Protection Of Information Assets Sample Essay

Introduction

Information asset protection is a very critical aspect of business management process for the successful operations and continuity of any business. Any form of threat to the security of the electronic or computerized information and its process is a definite threat to the quality of business end result (Boran, 1999). These threats can be minimized or eliminated to an acceptable level either logically or physically or a combination of both, depending on the company’s security arrangements (Cliff, July 2001). Physical protection of information entails physical limitation of access to the information resource places (computers) by putting a limitation to such areas like the building, and specific rooms that have these equipments (12). But as has been observed, protecting the places or areas physically is never sufficient enough to provide maximum confidentiality of the information. This is why it is important to put in place logical and adequate information protection system that would ensure maximum secure control of information to enforce confidentiality of the sensitive company information. It is therefore upon the systems administration team to ensure that all the physical and logical aspects of information security are in place accordingly as per the minimum standard required by the company.

The foremost requirement for adequate logical and physical information protection is for the company to identify, in order of priority, the most important information that needs protection (Cliff, 2001). This can be done by critical analysis of possible threats and impacts they are likely to create to the running of the information system. Subsequent calculation of different risks will ensure that all security detail issues are noted and prioritized (Granger, 2002). However, according to Gallegos (2005), it is important to take note of some critical security issues that the system management teams have to put in mind when dealing with information protection;

  • One should just keep it simple especially if the issue seems complicated since such scenarios are not likely to have serious effect and are very expensive.
  • It is important to set minimum and coherent security management system with a complicated system that does not heavily rely on external factors since this may make it lose privacy.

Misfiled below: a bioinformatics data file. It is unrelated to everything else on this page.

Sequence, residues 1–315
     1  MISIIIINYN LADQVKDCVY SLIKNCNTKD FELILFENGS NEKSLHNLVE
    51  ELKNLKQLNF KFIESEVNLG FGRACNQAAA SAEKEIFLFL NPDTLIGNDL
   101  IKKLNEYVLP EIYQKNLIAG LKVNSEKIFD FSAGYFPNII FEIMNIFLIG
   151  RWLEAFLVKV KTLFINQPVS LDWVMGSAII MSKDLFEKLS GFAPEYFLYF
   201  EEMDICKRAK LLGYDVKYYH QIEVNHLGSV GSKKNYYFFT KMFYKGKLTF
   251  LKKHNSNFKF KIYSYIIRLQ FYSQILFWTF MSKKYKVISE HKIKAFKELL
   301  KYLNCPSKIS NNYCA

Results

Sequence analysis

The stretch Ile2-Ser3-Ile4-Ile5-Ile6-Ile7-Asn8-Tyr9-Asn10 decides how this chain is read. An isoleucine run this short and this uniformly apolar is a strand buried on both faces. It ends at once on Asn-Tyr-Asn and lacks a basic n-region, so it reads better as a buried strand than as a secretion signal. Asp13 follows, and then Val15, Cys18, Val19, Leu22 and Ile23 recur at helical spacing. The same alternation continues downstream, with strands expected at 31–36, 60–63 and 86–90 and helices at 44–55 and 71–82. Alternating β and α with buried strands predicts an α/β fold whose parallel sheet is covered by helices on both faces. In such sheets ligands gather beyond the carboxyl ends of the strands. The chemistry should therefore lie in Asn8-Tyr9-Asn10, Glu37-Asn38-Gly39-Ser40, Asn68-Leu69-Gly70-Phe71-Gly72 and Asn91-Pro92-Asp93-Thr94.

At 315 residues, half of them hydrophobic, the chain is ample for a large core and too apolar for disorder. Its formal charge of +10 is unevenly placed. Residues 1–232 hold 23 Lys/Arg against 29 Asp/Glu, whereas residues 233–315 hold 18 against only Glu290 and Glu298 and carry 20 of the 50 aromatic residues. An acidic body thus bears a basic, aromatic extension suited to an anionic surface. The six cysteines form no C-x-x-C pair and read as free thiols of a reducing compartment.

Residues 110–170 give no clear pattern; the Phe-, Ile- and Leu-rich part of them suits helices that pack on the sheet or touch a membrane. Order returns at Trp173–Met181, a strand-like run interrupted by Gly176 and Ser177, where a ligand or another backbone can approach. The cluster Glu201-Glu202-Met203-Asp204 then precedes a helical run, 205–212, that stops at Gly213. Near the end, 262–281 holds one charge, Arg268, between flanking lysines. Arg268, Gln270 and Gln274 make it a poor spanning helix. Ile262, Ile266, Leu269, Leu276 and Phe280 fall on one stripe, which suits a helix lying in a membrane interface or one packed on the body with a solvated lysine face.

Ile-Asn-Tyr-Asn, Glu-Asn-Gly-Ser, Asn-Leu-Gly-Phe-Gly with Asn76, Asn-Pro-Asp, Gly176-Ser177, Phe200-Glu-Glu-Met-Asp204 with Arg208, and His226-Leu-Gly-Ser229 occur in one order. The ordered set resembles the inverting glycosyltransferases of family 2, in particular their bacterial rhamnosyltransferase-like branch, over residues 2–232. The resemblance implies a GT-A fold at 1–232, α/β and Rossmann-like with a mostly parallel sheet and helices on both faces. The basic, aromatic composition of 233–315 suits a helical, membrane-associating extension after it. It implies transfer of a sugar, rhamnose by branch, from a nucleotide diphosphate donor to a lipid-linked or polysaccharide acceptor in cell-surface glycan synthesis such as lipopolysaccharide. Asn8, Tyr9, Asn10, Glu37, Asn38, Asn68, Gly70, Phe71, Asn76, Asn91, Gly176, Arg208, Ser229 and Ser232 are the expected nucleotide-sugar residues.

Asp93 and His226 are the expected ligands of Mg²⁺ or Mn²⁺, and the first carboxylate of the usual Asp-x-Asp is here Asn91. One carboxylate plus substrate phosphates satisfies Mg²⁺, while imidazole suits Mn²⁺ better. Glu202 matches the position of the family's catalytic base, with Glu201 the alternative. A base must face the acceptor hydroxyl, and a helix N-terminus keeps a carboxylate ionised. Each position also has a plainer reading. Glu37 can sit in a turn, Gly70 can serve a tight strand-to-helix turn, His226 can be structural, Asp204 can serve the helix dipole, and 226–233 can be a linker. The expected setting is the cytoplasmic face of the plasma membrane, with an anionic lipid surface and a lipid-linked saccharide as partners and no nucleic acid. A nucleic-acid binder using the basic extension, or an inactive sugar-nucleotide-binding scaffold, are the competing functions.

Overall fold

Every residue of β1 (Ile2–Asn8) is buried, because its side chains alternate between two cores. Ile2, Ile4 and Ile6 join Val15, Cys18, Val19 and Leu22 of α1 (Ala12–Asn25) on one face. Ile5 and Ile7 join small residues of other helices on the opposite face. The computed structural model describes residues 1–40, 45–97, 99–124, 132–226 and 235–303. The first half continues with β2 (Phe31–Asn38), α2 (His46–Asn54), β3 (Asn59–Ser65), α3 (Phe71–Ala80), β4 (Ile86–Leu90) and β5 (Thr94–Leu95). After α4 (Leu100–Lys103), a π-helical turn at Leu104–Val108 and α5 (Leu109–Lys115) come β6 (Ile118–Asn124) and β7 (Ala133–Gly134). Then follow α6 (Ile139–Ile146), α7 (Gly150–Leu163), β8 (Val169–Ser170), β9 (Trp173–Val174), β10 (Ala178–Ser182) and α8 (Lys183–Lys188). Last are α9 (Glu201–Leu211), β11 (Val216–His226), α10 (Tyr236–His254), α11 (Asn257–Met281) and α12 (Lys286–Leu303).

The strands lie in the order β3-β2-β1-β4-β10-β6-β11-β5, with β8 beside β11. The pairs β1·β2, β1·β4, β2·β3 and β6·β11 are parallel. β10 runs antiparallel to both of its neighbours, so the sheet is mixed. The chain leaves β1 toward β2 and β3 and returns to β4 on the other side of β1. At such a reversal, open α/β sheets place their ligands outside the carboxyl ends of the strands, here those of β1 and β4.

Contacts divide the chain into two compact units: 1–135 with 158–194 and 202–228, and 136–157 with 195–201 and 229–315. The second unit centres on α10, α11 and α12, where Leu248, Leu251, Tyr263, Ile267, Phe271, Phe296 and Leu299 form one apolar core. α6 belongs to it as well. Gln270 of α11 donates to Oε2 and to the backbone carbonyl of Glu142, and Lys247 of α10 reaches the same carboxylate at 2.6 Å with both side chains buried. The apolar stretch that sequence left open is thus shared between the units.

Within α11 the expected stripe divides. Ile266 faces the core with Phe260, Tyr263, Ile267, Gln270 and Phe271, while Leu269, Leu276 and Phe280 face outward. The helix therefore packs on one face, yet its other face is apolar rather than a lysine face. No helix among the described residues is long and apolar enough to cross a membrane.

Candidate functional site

• Use some of the tested methods of protection for easy evaluation (41).

Physical Access and Threat

Any business that relies on computers to store information is prone to all types of physical threats, and that protection of information in computers takes more than just password and installation of antivirus software as some people may be made to believe. An intruder can get access to any computer or computer system and cause physical damage to its functionality by altering or replacing a computer part, plant some damaging programs like Trojan horse, or change the settings of the machine and get specific security numbers that may be detrimental to the general security of the information system (Granger, 2002). Granger advises that some very critical links for communications such as switches (routers) are supposed to be protected at all costs. It is thus logical to reason that physical protection is the first and most critical aspect of protection that every company should observe. Physical location, layout, design, and setting up of the facility would determine the level of access and ease of monitoring (16).

Other than attacks from intruders and hackers, and errors from the employees themselves, physical threat to information system has revolved around other concerns such as natural disasters e.g. water, fire, electricity failures, and many other environmental mishaps. Many information security experts believe that most of the information security risks like fraud, sabotage, and theft are as a result of internal arrangements by the companies’ own employees (Micki & Harold, 1997). However, according to the survey conducted by the SearchSecurity.com (2002), many of the problems are accidentally caused by human error or just mistakes from unauthorized users in most cases. The survey, carried out in 2001 indicated that many respondents gave human error as the most probable security risk challenge, and more worrying is the fact that they ranked it the most difficult aspect of information security to enforce. As the report says, “some sees the typical computer criminal a non-technical authorized user of the system who has been around long enough to locate the control deficiencies and use them to cut corners, or it may be a plain accidental errors or people not affiliated to the company or intruders trying to exploit deficiencies in the security system to commit harm against the business” (29). It may be complicated when the company physically restricts their employees to such locations. So how can a company reinforce such a policy without jeopardizing the general operations of the company?